In Atalian Servest AMK Limited, an adjudicator resigned because they concluded that the dispute was ‘absolutely incapable of proper resolution in the timescales set by the Construction Act.’ A second adjudicator was appointed and proceeded with the adjudication. The Referral Notice was accompanied by 26,000 pages of documentation. Lord Carloway, in enforcing the decision, noted that ‘the adjudicator had used a broad axe with a blunt edge to reach a robust and summary conclusion.’ Lord Carloway stated that:

38 The adjudicator took on a nigh impossible task. The volume of written materials was enormous. It was redolent of what was described in Re Fundao Dam Disaster [2020] EWHC 2471 (Turner J at para 11) as amounting to “a fractal pattern of progressively complex and ever-finer recursive detail of sharply declining significance“ … It would have required a super-human effort to carry out a precise valuation exercise before the … deadline … The presentation of an excessive amount of material, as both parties did, and the tabling of a wide range of legal and factual issues, could not be allowed to derail the robust and summary adjudication process. That process is not intended to resolve disputes by reference to innumerable rounds of pleadings and submissions.

39 The adjudicator’s determination is, when set against that background, an exemplary piece of work.  He cut the issue down to a straightforward one of assessing roughly what he considered to be payable by AMK to BWE.  That was the question which he was asked to answer.  He answered it in a clear and succinct way.  The several questions that he posed for himself were merely stations on the road to the overall valuation.

Conclusion

If followed in Ireland, the above case law demonstrates that the adjudication process will not be easily derailed by the volume of information submitted or the complexity of the issues. What matters is that the adjudicator sufficiently appreciates the nature of the issues referred including the submissions of each party and is satisfied that broad justice can be done in the time available. However, it is noteworthy, that Constable J in Home Group Limited acknowledges that it is conceivable that circumstances may be such that a combination of complexity and constraint of time may give rise to a valid challenge.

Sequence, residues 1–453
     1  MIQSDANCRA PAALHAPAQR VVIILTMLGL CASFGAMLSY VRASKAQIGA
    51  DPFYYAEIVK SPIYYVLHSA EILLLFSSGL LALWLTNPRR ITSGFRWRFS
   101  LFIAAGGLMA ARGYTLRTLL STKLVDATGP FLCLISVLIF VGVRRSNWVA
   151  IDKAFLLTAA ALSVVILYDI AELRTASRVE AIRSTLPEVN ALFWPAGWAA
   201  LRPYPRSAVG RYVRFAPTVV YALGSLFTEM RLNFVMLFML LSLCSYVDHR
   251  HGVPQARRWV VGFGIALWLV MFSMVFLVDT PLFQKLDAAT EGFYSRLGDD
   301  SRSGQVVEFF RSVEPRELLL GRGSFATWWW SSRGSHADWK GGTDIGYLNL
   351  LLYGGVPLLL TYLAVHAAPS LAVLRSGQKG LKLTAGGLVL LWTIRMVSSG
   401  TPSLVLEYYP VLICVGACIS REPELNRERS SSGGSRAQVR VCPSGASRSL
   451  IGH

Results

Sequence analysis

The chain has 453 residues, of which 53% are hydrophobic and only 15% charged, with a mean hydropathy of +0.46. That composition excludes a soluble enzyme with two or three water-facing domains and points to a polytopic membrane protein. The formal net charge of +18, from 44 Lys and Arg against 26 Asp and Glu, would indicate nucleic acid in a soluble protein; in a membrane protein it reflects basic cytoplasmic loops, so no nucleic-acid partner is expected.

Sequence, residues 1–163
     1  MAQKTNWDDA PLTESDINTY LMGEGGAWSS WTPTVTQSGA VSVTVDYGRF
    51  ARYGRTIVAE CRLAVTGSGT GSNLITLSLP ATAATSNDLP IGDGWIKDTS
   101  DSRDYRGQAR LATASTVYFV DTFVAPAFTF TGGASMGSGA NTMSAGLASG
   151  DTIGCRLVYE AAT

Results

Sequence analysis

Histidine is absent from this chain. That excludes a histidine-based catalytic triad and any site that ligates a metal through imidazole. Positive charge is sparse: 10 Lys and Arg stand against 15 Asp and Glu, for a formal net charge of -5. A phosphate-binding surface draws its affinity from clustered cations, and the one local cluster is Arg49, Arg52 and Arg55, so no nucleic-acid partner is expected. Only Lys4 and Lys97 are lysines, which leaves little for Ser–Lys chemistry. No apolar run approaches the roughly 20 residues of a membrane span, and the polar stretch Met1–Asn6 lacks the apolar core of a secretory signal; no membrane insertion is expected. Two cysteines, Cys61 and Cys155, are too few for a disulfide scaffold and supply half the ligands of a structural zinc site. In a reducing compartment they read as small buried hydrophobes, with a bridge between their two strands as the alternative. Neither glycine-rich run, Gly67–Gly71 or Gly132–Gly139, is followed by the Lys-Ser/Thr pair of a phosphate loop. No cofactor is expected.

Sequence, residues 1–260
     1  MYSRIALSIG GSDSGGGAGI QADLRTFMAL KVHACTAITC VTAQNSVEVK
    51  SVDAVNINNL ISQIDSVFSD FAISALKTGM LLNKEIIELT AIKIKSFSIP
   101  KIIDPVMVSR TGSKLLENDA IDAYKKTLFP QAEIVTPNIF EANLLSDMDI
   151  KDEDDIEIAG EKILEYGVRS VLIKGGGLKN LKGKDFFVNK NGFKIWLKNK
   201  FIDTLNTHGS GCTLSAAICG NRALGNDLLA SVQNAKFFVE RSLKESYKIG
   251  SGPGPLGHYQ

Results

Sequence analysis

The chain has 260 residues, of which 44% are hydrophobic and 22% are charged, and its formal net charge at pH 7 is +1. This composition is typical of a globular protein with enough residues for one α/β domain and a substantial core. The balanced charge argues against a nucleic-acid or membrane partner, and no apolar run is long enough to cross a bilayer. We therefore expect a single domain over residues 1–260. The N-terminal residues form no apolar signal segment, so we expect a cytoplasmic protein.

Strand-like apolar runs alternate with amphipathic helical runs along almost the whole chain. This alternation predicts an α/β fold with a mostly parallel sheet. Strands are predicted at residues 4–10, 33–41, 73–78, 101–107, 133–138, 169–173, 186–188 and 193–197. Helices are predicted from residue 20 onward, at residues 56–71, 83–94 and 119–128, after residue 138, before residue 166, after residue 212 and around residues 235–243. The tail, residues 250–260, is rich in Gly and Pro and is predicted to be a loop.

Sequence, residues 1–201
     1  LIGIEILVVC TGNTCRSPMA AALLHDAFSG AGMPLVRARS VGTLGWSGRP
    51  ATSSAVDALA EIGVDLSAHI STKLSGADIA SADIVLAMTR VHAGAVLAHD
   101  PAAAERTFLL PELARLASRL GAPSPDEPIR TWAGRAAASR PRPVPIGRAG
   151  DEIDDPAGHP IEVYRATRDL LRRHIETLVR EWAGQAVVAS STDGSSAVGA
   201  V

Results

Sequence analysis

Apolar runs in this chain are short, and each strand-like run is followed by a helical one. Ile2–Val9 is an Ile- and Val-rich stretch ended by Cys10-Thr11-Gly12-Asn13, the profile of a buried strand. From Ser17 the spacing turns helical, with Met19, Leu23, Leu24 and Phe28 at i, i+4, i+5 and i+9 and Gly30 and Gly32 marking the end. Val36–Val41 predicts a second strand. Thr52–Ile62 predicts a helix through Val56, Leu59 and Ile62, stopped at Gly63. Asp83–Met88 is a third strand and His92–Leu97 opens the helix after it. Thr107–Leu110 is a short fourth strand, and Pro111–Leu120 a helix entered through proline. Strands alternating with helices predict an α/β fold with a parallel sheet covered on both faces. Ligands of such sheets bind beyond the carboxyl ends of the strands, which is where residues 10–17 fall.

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Photo of Paul Hughes Paul Hughes

Paul Hughes is a senior associate in A&L Goodbody’s Construction & Engineering group. Paul has extensive experience in construction disputes and acts for employers, contractors and sub-contractors across multiple sectors, including, civil engineering, residential, commercial, educational, refurbishment, repair and maintenance and energy. Paul…

Paul Hughes is a senior associate in A&L Goodbody’s Construction & Engineering group. Paul has extensive experience in construction disputes and acts for employers, contractors and sub-contractors across multiple sectors, including, civil engineering, residential, commercial, educational, refurbishment, repair and maintenance and energy. Paul has expertise in disputes concerning extensions of time, loss and expense, defects, variations, payments, final accounts, true valuations, termination and asbestos. Paul has experience of dealing with disputes arising under the standard forms of contract, including, JCT, NEC, FIDIC, PWC & RIAI and ancillary agreements. Paul holds a PhD (Law) and is a solicitor in both Ireland and England and Wales. He is also a Fellow of the Royal Institution of Chartered Surveyors (FRICS), the Society of Chartered Surveyors Ireland (FSCSI), the Chartered Institution of Civil Engineering Surveyors (FCInstCES) and the Chartered Institution of Arbitrators (FCIArb).